#   ]
# ]

You can find Entries.tag stores COLUMN_VECTOR value from the response of select.

Here is an example to move high_score column to Users table from Players table.

Here are schema and data:

Execution example:

table_create Players TABLE_HASH_KEY ShortText
# [[0, 1337566253.89858, 0.000355720520019531], true]
column_create Players high_score COLUMN_SCALAR Int32
# [[0, 1337566253.89858, 0.000355720520019531], true]
load --table Players
[
{"_key": "player1", "high_score": 100}
]
# [[0, 1337566253.89858, 0.000355720520019531], 1]

The following commands move high_score column to Users table from Players table:

Execution example:

table_create Users TABLE_HASH_KEY ShortText
# [[0, 1337566253.89858, 0.000355720520019531], true]
column_create Users high_score COLUMN_SCALAR Int32
# [[0, 1337566253.89858, 0.000355720520019531], true]
column_copy Players high_score Users high_score
# [[0, 1337566253.89858, 0.000355720520019531], true]
column_remove Players high_score
# [[0, 1337566253.89858, 0.000355720520019531], true]
select Users
# [
#   [
#     0,
#     1337566253.89858,
#     0.000355720520019531
#   ],
#   [
#     [
#       [
#         1
#       ],
#       [
#         [
#           "_id",
#           "UInt32"
#         ],
#         [
#           "_key",
#           "ShortText"
#         ],
#         [
#           "high_score",
#           "Int32"
#         ]
#       ],
#       [
#         1,
#         "player1",
#         100
#       ]
#     ]
#   ]
# ]

You can find Users.high_score is moved from Players.high_score from the response of select.

7.3.10.3.2. How to change table configuration

You can change table key type. For example, you can change key type to ShortText from Int32.

You can change table type. For example, you can change TABLE_HASH_KEY table to TABLE_PAT_KEY table.

You can also change other options such as default tokenizer and normalizer. For example, you can change default tokenizer to TokenBigramSplitSymbolAlphaDigit from TokenBigrm.

Note

You can't change TABLE_NO_KEY table. Because TABLE_NO_KEY doesn't have record key. Groonga can't identify copy destination record without record key.

Here are basic steps to change table configuration:

  1. Create a new table with new configuration
  2. Create all same columns to the new table
  3. Copy all column values from the current table to the new table
  4. Remove the current table
  5. Rename the new table to the current table

Here is an example to change table key type to ShortText from Int32.

Here are schema and data:

Execution example:

table_create IDs TABLE_HASH_KEY Int32
# [[0, 1337566253.89858, 0.000355720520019531], true]
column_create IDs label COLUMN_SCALAR ShortText
# [[0, 1337566253.89858, 0.000355720520019531], true]
column_create IDs used COLUMN_SCALAR Bool
# [[0, 1337566253.89858, 0.000355720520019531], true]
load --table IDs
[
{"_key": 100, "label": "ID 100", used: true}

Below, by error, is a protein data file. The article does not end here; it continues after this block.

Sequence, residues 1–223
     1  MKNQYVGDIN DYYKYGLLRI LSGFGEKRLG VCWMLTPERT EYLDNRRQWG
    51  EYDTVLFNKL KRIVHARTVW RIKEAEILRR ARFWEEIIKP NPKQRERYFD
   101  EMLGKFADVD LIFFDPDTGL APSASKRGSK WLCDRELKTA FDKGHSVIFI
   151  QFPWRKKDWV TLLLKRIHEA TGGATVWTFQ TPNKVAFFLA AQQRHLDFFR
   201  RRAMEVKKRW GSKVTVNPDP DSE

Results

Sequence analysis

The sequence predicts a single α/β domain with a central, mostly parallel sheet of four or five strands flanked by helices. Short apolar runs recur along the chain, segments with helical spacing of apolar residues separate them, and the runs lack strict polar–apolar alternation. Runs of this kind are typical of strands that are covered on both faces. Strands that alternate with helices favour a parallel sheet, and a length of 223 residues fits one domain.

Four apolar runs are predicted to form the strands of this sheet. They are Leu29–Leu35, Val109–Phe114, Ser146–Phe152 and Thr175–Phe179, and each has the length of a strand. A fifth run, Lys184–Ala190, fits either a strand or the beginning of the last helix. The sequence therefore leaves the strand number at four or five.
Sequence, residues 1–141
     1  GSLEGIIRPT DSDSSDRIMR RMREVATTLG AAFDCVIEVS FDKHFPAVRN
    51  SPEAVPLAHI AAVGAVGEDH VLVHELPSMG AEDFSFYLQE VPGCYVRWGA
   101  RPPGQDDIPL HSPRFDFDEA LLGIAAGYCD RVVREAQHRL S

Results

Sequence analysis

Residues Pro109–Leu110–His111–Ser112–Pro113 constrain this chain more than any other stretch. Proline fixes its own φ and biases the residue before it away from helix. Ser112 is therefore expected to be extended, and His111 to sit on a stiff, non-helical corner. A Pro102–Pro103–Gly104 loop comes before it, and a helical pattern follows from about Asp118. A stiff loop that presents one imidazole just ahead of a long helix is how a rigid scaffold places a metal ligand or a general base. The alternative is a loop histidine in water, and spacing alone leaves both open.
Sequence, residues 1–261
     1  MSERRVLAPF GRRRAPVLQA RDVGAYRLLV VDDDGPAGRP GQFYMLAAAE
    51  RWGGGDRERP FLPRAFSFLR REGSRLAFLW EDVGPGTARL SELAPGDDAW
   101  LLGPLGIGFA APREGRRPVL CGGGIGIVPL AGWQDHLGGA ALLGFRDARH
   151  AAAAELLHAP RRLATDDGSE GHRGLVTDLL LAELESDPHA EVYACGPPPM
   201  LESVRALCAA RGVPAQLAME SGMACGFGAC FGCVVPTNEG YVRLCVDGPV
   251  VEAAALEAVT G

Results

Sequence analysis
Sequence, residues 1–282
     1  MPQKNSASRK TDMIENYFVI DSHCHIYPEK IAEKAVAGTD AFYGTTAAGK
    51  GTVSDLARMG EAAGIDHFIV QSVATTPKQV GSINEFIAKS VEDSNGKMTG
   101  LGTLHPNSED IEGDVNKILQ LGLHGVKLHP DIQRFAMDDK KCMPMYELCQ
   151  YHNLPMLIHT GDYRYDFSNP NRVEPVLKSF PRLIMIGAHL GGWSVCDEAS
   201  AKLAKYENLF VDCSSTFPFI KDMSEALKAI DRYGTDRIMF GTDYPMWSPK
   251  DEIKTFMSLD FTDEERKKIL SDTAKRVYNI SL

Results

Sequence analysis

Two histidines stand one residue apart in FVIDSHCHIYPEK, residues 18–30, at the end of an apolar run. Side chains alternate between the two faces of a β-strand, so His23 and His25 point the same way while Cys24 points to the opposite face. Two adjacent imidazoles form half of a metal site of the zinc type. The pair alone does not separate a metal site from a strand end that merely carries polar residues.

]
# [[0, 1337566253.89858, 0.000355720520019531], 1]

The following commands change IDs table key type to ShortText from Int32:

Execution example:

table_create NewIDs TABLE_HASH_KEY Int32
# [[0, 1337566253.89858, 0.000355720520019531], true]
column_create NewIDs label COLUMN_SCALAR ShortText
# [[0, 1337566253.89858, 0.000355720520019531], true]
column_create NewIDs used COLUMN_SCALAR Bool
# [[0, 1337566253.89858, 0.000355720520019531], true]
column_copy IDs label NewIDs label
# [[0, 1337566253.89858, 0.000355720520019531], true]
column_copy IDs used  NewIDs used
# [[0, 1337566253.89858, 0.000355720520019531], true]
table_remove IDs
# [[0, 1337566253.89858, 0.000355720520019531], true]
table_rename NewIDs IDs
# [[0, 1337566253.89858, 0.000355720520019531], true]
select IDs
# [
#   [
#     0,
#     1337566253.89858,
#     0.000355720520019531
#   ],
#   [
#     [
#       [
#         1
#       ],
#       [
#         [
#           "_id",
#           "UInt32"
#         ],
#         [
#           "_key",
#           "Int32"
#         ],
#         [
#           "label",
#           "ShortText"
#         ],
#         [
#           "used",
#           "Bool"
#         ]
#       ],
#       [
#         1,
#         100,
#         "ID 100",
#         true
#       ]
#     ]
#   ]
# ]

You can find IDs stores ShortText key from the response of select.

Here is an example to change table type to TABLE_PAT_KEY from TABLE_HASH_KEY.

Here are schema and data:

Execution example:

table_create Names TABLE_HASH_KEY ShortText
# [[0, 1337566253.89858, 0.000355720520019531], true]
column_create Names used COLUMN_SCALAR Bool
# [[0, 1337566253.89858, 0.000355720520019531], true]
load --table Entries
[
{"_key": "alice", "used": false}
]
# [[0, 1337566253.89858, 0.000355720520019531], 1]

The following commands change Names table to TABLE_PAT_KEY from TABLE_HASH_KEY:

Execution example:

table_create NewNames TABLE_PAT_KEY ShortText
# [[0, 1337566253.89858, 0.000355720520019531], true]
column_create NewNames used COLUMN_SCALAR Bool
# [[0, 1337566253.89858, 0.000355720520019531], true]